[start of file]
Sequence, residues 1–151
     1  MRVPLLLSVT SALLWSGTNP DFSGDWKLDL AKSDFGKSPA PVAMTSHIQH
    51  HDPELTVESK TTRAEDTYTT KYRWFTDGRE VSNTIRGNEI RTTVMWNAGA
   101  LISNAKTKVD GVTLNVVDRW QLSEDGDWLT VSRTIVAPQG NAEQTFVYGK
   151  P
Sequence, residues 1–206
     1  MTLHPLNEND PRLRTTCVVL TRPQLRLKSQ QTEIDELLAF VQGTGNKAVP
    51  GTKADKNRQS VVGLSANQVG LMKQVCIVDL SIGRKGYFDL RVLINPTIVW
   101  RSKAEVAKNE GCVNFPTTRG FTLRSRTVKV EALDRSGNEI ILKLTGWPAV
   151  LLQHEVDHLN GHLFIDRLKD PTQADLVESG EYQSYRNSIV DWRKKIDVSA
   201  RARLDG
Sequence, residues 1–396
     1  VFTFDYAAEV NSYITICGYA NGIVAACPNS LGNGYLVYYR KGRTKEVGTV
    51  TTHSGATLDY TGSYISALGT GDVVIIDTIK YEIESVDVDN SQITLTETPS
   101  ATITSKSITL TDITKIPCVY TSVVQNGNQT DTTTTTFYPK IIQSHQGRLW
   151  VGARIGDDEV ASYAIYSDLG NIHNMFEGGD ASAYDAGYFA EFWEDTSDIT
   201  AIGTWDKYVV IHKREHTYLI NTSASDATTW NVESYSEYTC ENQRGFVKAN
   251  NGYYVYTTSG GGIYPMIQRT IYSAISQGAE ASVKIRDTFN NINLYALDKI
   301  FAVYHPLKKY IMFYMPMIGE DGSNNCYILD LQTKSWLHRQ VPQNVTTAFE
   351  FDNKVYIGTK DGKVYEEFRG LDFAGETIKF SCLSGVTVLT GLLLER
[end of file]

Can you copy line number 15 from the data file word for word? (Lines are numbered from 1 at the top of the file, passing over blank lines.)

   101  ATITSKSITL TDITKIPCVY TSVVQNGNQT DTTTTTFYPK IIQSHQGRLW